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In the Footsteps of Štefánik in Bratislava

The monumental statue on the Danube embankment is the most outstanding tribute to Milan Rastislav Štefánik in Bratislava. This versatile man was not only a successful astronomer, but also a general and a politician who was instrumental during the creation of the first Czechoslovak Republic. Commemorate the 100th anniversary of his death in several locations throughout Bratislava and in the place where a tragic air crash ended the life of this great man.

“Štefánik was a remarkable personality. In addition to being a key person in the founding of the first Czechoslovak Republic alongside Tomáš Garrigue Masaryk and Edvard Beneš, during his short life he achieved an astonishing amount of work in other areas, too,” recalled James Thomson, a British journalist living in Slovakia.

As an astronomer, Štefánik participated in expeditions in the South Pacific and Spain. He was also a talented photographer. During World War I, he joined the French army and became its general and was also instrumental in organising Czechoslovak legions. He was vice-chairman of the Czechoslovak National Council and served as Minister of War in the temporary Czechoslovak government and subsequently the newly-established republic.

On May 4, 1919, Štefánik’s plane crashed at the airport in the village of Ivanka pri Dunaji, just a few kilometres from Bratislava. He was only 38 years old. Today, a granite mound from 1923 commemorates this event. The mound was designed by prominent Slovak architect Dušan Jurkovič, who is also the author of a larger and more famous mound above the Štefánik’s native village of Košariská on Bradlo Hill.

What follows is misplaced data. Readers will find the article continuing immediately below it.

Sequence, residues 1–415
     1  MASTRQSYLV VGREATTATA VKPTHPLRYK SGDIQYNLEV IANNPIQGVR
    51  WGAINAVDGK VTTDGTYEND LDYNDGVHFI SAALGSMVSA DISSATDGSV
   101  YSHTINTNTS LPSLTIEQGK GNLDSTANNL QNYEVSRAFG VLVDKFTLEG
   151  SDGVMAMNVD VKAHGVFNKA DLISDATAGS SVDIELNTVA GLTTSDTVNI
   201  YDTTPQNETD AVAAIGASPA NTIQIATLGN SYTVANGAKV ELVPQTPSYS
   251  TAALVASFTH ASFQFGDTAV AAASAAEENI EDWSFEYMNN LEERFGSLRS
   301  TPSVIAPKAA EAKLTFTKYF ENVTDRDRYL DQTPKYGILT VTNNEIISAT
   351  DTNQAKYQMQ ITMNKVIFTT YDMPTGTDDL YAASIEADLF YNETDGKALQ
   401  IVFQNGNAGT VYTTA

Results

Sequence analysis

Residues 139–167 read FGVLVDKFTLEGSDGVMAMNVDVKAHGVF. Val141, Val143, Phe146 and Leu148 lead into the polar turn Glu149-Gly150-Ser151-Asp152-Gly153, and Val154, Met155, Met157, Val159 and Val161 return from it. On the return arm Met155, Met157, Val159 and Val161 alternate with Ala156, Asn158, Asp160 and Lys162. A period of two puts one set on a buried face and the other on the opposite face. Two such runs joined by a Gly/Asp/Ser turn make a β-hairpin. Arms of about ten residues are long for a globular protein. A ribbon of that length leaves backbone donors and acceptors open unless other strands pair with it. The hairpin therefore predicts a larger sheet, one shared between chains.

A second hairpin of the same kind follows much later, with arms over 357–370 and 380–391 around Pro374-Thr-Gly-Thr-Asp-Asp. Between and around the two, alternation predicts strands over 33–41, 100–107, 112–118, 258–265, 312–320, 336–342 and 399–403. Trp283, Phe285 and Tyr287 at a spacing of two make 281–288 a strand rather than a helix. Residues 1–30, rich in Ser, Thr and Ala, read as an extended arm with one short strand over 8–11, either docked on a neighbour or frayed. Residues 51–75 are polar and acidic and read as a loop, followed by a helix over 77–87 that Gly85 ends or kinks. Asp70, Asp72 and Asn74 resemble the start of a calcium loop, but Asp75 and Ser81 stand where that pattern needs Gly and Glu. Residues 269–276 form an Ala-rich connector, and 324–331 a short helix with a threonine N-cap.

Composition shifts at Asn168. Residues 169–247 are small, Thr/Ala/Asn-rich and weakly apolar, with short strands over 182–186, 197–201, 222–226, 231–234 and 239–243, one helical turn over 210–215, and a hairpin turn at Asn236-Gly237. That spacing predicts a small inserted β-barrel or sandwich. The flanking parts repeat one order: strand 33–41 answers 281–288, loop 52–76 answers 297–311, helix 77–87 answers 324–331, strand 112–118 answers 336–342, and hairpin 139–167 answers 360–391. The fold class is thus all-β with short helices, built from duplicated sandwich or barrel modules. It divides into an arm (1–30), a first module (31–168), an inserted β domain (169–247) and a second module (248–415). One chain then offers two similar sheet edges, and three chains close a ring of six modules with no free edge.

A 3.3-kilometre cycling trail suitable for families with children starts in Bratislava and leads to the mound near the airport. The place is also easily accessible via an asphalt road from Ivanka pri Dunaji.

Monumental sculpture

Today there are several places in Bratislava associated with Štefánik. Not only Bratislava’s boulevard, which leads from the presidential palace out of the city towards the Main Station, but also part of the Danube embankment near the Eurovea shopping centre bears his name. Here stands the most famous sculpture of Štefánik with a lion symbolising Czechoslovak legions. Visitors can enjoy a view of the memorial from the terraces of restaurants and cafés flanking the embankment.

Originally, however, the memorial stood on today’s Štúrovo Square. Since neither representatives of the war-time Slovak State, a satellite of Nazi Germany, nor communist bigwigs liked it, the lion was removed from the memorial in 1940. Štefánik’s statue followed in 1954. Rumours have it that when trying to tear down the statue with trucks, workers only tore off its head. Therefore, the engineers blasted the statue by dynamite.

The monument was gradually returned to the public space only some decades later. The four-metre lion statue was reassembled, and in 1988, it was installed on a 15-metre pylon in front of the Slovak National Museum on Vajanského Nábrežie. In 2009, together with a copy of the original 7.5-metre Štefánik statue, the monument was placed in its present location in front of the new building of the Slovak National Theatre.

 The Caproni plane hangs at the airport

Another statue of Štefánik stands at the Bratislava Airport, which was named after him in 1993.

The airport’s departure hall has been decorated with a genuine replica of the Caproni Ca 33 biplane, on which Štefánik crashed, since 2012. The partially revealed fuselage and wings of the replica hanging on steel ropes show how fragile aircrafts were at that time.

The skeleton of the aircraft was wooden, covered with canvas and reinforced with steel ropes. When it was in active use, this Italian bomber was able to fly at a maximum speed of 130 km/h, while a full tank of fuel was enough for four hours of flight.

Those interested can see what other means of transportation of persons and goods were used at that time in the Museum of Transport, located in the premises of the Bratislava’s first steam-engine railway station from the 19th century. Holders of the Bratislava CARD City & Region tourist card get a 50 percent discount on admission.